Research Article: Influence of soil moisture regimes on growth, photosynthetic capacity, leaf biochemistry and reproductive capabilities of the invasive agronomic weed; Lactuca serriola

Date Published: June 28, 2019

Publisher: Public Library of Science

Author(s): Aakansha Chadha, Singarayer K. Florentine, Bhagirath S. Chauhan, Benjamin Long, Mithila Jayasundera, Jose Luis Gonzalez-Andujar.

http://doi.org/10.1371/journal.pone.0218191

Abstract

Global temperatures are predicted to increase by 1.5–5.9°C during this century, and this change is likely to impact average rainfall, with predictions that water deficit will perhaps be the most severe threat to sustainable agriculture. In this respect, invasive weeds, which have traits better adapted to drought stress than crops, add to concerns regarding crop sustainability. Lactuca serriola, an aggressive agronomic weed is thought to be a successful weed because of its ability to maintain high water use efficiency under drought conditions. In this study, experiments were conducted to examine the influence of different soil moisture regimes (100%, 75%, 50% and 25% water holding capacity (WHC)) on growth, photosynthetic capacity, leaf biochemistry and reproduction of this species. Soil moisture significantly affected plant’s height, stem diameter, number of leaves and biomass. The highest plant height (115.14 cm ± 11.64), shoot diameter (9.4 mm ± 0.18), leaf area (1206.5 mm2 ± 73.29), plant fresh weight (83.1 ± 3.98) and dry weight (22.38 ± 1.24) were recorded at 75% soil moisture content. A fundamental adaptation to drought was observed as plants in the 25% WHC treatment had the highest root: shoot ratio. Soluble sugars and total phenolic content were highest in the 25% WHC treatment and significantly different to 100% WHC which was a response to soil moisture stress to ameliorate the damaging effects of reactive oxygen species produced under stress conditions. Results also indicate that L. serriola can survive and produce seeds under water stress as more than 6000 seeds were produced per plant in all WHC treatments. In this study, there was no significant difference in the seed weight, number of seeds produced and their germination ability. This can have a huge impact on agricultural systems as the species can survive both under low and high soil moisture conditions. We therefore suggest that the demonstrated ability of L. serriola to complete its life cycle and produce biomass and seeds under water stressed conditions leads to the introduction of strategies that minimize weed survival while maximizing irrigation efficiency for the crop. A clear understanding of the ecological and biological characteristics of this weed will help land managers take appropriate control measures to mitigate the effect of this species on economic crop productivity.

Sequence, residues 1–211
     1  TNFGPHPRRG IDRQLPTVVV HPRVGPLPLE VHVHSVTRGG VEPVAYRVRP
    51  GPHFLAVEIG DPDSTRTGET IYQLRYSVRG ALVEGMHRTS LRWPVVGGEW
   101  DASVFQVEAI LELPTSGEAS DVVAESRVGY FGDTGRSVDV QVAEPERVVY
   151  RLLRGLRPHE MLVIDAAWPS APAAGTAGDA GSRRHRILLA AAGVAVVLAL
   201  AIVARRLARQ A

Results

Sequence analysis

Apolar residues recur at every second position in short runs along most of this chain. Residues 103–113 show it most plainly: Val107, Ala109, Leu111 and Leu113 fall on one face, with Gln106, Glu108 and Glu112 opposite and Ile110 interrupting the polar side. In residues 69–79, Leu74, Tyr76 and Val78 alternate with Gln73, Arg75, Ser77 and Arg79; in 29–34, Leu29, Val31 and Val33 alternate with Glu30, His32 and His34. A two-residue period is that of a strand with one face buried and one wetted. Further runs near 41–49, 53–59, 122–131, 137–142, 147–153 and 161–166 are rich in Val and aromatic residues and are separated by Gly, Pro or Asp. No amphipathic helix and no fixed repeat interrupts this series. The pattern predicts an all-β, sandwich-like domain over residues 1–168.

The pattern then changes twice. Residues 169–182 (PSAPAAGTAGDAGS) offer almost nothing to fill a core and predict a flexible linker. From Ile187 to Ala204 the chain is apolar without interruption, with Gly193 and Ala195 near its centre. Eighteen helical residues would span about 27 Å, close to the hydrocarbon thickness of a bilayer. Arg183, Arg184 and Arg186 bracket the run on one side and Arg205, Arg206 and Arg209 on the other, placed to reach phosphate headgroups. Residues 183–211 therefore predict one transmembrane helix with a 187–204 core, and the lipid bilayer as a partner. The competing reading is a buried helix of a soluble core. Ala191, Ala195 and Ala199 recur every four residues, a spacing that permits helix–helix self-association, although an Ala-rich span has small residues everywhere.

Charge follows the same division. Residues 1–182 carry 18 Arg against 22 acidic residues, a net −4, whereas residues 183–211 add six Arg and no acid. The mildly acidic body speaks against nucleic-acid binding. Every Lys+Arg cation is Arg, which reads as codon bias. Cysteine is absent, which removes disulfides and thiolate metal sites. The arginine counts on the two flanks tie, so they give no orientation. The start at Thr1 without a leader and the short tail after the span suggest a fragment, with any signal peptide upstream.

Partial Text

Plants undergo or display symptoms of extreme water deficiency when the required levels of moisture are unavailable in their habitat soil. This happens when the plants continuously lose water via transpiration or evaporation due to high temperatures and the loss of ground moisture is not refurbished [1]. This extreme dryness, declared as drought, which extends to long periods of time, is prevalent on a global scale. These conditions combine lack of water through rain with high temperatures and radiation, and currently pose the most important environmental threats to plant survival and crop productivity [2]. The prevailing stress conditions are exacerbated by competition from associated weed species, due to photosynthetic decrease, constraint of metabolic processes and interference with nutrient availability [3, 4]. With regard to the outcomes of competition for water in a cropping situation, it depends on the abilities of the crop and weed species to survive under water stress conditions [5]. It has been noted that invasive plant species, by virtue of their traits, are more adaptable to water stress than crop and pasture species [6]. Thus, prevailing arid conditions is an important factor in weed invasion, as it impacts the competitive establishment, physiology, subsequent growth and reproduction of the mixture of plants in a crop [7], making it an important element of crop production studies.

The above study clearly indicates that Lactuca serriola has the adaptability to survive low soil moisture conditions, as low as 25%, while sustaining an important function like seed production close to optimum levels. Exposure of L. serriola to drought stress resulted in decreased growth rate, and reduced biomass production. A high root to shoot ratio, as well as elevated biomass of the root, allows it to efficiently absorb the required amount of water from the soil and ensure transference to its above-ground parts. An increase in soluble sugars and phenolic content, which are mechanisms to tolerate drought stress was observed as moisture stress increased. Although moisture stress reduced the overall plant biomass, it failed to make any substantial impact on the reproductive abilities of this plant type. While physiological responses were decreased with respect to drought stress, however, the plants were healthy and completed their life cycle even at the low soil moisture level of 25% water holding capacity. Due to its ability to tolerate drought stress, L. serriola is very likely to expand its range under a drying climate. Its ability to sustain growth through morphological adaptation, physiological and biochemical regulation, even during times of water stress, ensures L. serriola with a robust mechanism to continue spreading to new regions.

 

Source:

http://doi.org/10.1371/journal.pone.0218191

 

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